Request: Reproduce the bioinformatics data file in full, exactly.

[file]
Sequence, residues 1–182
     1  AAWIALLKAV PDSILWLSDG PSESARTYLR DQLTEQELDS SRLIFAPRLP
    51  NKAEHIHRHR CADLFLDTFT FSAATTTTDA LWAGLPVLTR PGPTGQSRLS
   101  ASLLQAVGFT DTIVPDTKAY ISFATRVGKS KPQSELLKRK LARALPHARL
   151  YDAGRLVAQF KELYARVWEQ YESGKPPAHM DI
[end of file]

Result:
Sequence, residues 1–182
     1  AAWIALLKAV PDSILWLSDG PSESARTYLR DQLTEQELDS SRLIFAPRLP
    51  NKAEHIHRHR CADLFLDTFT FSAATTTTDA LWAGLPVLTR PGPTGQSRLS
   101  ASLLQAVGFT DTIVPDTKAY ISFATRVGKS KPQSELLKRK LARALPHARL
   151  YDAGRLVAQF KELYARVWEQ YESGKPPAHM DI